People make their way home after working downtown on April 1, 2011 in Chicago, Illinois. (Photo by Scott Olson/Getty Images)

Despite a massive and expensive outreach campaign to minorities, the 2010 U.S. Census missed over 1.5 million blacks, Latinos, Native Americans and others.  And a failure to count that many people could have dire consequences in the coming decade.

The good news is that the 2010 census over-counted the U.S. population of 308.7 million by only 36,000 people, or 0.01 percent — due mostly to upper-income whites who own more than one home.  The bad news is that the census missed 2.1 percent of African-Americans and 1.5 percent of Hispanics, not to mention 5 percent of Native Americans living on reservations, and 2 percent of those who categorized themselves as “some other race.”

The census poured $15 billion into the effort to get it right.  And while the extensive outreach to communities of color may have prevented the federal government from missing even more people, the census still overlooked a population roughly the size of Phoenix, Philadelphia or Houston.

Why is the census important, and why should we care?  According to the Leadership Conference, a leading civil rights organization, the census serves a number of purposes.  First, through reapportionment and redistricting, the census determines the number of Congressional seats allocated to each state.  In addition, it determines the number of electors each state receives in the Electoral College, which is used in presidential elections.  Further, census figures determine how over $400 billion in federal programs for schools, roads, housing and other services are distributed to the states.  Finally, the private sector make decisions on investment, hiring and where to locate their businesses based on the census data.

Given all that’s at stake, it could be difficult to believe, as the Census Bureau claims, that the under-count will have no impact on how federal dollars are allocated.  And although this national tally has improved in its accuracy over the years, blacks are still most likely to fall through the cracks.  Moreover, the dislocation of the economic crisis hit blacks and Latinos especially hard, as these groups found themselves foreclosed upon, homeless and jobless at alarming rates.  And Spanish-speaking immigrant populations may have been distrustful of government surveys.

But there’s more to this story.  The region most likely to under-count people was the South, including the District of Columbia, Texas, Georgia, Virginia, North Carolina and Florida.  Meanwhile, the Midwest and Northeast had small over-counts.  The new South has experienced a major influx of blacks making a reverse migration from the urban centers of the Northeast, the Midwest and California, as well as the largest Latino growth in the nation.

The South — largely the political property of conservative Republicans since segregationist whites fled the Democratic Party over integration and the civil rights legislation of the 1960s — is changing.  Some states of the former Confederacy will soon reach a tipping point in terms of demographics.

Texas is already minority white, with non-Hispanic whites as 45 percent of the state population.  A high Latino birth rate has resulted in a quarter of the congressional districts in Texas with a majority-Latino population.  And states such as Georgia—which is 56 percent white, 30 percent black and nearly 9 percent Latino—are expected to reach a demographic tipping point in the not-so-distant future.  Meanwhile, in the 2008 election Obama prevailed in North Carolina and Virginia, where large black and Latino populations merged with white professionals and Northern transplants to show the face of a new South.  And in Florida, also an Obama state, blacks and Latinos are gaining in political clout.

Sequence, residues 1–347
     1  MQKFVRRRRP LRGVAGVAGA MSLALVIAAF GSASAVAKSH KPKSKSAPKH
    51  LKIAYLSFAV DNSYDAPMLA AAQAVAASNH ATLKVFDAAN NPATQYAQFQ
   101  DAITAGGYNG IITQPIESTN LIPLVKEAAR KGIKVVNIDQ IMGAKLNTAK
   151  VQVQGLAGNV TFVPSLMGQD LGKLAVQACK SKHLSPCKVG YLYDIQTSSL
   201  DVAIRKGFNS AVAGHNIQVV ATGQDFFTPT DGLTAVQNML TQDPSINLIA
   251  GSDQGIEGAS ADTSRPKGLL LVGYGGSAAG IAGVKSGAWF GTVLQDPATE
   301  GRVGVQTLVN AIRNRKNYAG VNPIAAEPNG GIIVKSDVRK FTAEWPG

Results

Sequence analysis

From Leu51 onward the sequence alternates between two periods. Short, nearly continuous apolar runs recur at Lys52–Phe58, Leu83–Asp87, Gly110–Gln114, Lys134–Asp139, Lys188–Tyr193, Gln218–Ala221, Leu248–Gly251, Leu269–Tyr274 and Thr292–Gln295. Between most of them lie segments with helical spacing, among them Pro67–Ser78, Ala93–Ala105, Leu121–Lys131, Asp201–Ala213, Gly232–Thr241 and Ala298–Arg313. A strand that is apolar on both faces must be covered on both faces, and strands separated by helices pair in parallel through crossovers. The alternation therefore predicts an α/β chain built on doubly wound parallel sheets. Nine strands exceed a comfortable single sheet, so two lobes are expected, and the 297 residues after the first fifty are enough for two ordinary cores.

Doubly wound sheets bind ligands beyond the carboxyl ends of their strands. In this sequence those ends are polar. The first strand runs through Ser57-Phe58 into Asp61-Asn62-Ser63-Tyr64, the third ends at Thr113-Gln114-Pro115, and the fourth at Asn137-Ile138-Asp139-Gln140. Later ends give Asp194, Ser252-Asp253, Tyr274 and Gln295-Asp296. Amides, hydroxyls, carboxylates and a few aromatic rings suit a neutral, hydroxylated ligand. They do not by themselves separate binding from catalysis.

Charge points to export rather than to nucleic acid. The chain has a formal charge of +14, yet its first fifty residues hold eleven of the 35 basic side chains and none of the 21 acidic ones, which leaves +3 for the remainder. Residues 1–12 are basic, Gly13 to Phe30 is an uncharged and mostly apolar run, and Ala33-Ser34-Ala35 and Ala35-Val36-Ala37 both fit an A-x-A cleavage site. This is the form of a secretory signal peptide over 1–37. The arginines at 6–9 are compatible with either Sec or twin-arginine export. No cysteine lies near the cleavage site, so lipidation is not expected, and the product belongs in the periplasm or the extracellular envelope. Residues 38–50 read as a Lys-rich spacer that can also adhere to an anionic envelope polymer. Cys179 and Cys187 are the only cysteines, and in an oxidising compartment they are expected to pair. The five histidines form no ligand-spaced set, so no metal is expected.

But if communities of color are not counted as reflected in their true numbers, they will be shortchanged and unable to flex their political muscle.

Nationwide, for the first time in history, black and brown births are in the majority.  In 2011, 50.4 percent of American children born were black, Latino, Asian or others.  This changing reality in the U.S., brought home by the fact that the president is black, has led to the rise of radical hate groups and extremist militias who are preparing for a race war.  And this sentiment spills into the political process.

Hard-right politicians respond to the changing demographics by labeling the president as a foreigner, and by enacting anti-immigrant legislation.  For example, former Arizona state senator Russell Pearce — sponsor of SB1070, the state’s anti-immigration law that critics say targets Latino immigrants for racial profiling — mentored a man named J.T. Ready, a neo-Nazi who killed four people before taking his own life.

And right-wing lawmakers blast the Census Bureau as intrusive and vote to abolish some of its reporting activities, even as they engage in census scams and distribute phony census forms to the public.  This, as they fight changing demographics by enacting voter ID legislation, restrictions on voter registration, and other methods of voter suppression.  Not unlike Jim Crow tactics, these schemes are designed to disenfranchise millions of Americans, particularly the poor and voters of color, so they cannot vote and express the new majority in the South.

But census under-counting and voter suppression provide a double whammy for blacks and Latinos.  Increased racial and ethnic diversity provides hope, as diehard reactionaries and racists will someday be outnumbered and phased out by attrition.  But for now, if people aren’t counted in the census or at the ballot box, it is hard to see them getting out of the gate when they are powerless.  The Census Bureau must get it right in 2020.

Follow David A. Love on Twitter at @davidalove